• Promotion of or charging for investigational drug (§§ 312.7, 312.8). Promoting the investigational drug is not permitted. Charging for the investigational drug is only permitted in rare circumstances, and then only with prior written approval by the FDA, the draft guidance says.
  • Records and reports (§§ 312.57, 312.58, 312.62, 312.68). A sponsor-investigator must maintain adequate and accurate case histories and must also maintain adequate records showing the receipt, shipment, or other disposition of the investigational drug, FDA says. The FDA may periodically check the trial site to make sure the critical data are being captured and stored. Sponsor-investigators are required to retain records and reports for “2 years after a marketing application is approved for a drug or, if an application is not approved for the drug, until 2 years after shipment and delivery of the drug for investigational use is discontinued and the FDA has been notified (21 CFR 312.57(c)).”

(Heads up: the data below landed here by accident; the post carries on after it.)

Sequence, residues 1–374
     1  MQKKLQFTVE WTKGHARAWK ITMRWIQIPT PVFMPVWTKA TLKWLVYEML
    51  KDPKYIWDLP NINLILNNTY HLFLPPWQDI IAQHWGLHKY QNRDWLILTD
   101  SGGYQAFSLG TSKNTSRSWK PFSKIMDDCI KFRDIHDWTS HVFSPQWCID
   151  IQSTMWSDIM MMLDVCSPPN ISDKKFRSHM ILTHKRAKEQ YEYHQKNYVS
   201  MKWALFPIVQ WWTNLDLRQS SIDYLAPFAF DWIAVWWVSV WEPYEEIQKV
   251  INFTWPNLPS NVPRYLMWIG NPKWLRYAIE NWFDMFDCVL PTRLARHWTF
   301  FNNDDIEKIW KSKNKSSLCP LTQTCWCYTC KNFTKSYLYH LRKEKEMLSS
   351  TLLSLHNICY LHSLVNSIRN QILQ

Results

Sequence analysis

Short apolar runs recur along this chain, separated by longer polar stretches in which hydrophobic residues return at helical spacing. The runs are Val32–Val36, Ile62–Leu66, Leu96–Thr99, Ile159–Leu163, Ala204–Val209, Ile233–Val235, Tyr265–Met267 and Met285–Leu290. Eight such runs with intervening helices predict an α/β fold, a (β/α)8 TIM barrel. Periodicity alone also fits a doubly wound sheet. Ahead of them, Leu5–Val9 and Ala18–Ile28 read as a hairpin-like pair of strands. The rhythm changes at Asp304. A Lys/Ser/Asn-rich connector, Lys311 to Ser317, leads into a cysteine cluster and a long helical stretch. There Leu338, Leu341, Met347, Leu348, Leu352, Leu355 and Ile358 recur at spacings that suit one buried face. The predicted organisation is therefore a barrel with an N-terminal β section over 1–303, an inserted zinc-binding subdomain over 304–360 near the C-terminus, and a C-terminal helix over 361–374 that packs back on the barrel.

• IND safety reports. A sponsor-investigator must review all information relevant to the safety of the investigational drug and notify FDA of any unexpected fatal or life-threatening suspected adverse reaction as soon as possible, but no later than 7 calendar days after receipt of the information, FDA says in the draft guidance. The sponsor-investigator must also notify FDA in an IND safety report of potential serious risks, from clinical trials or any other source, as soon as possible, but in no case later than 15 calendar days after the sponsor determines that the information qualifies for reporting under § 312.32(c)(1)(i)756 (iv).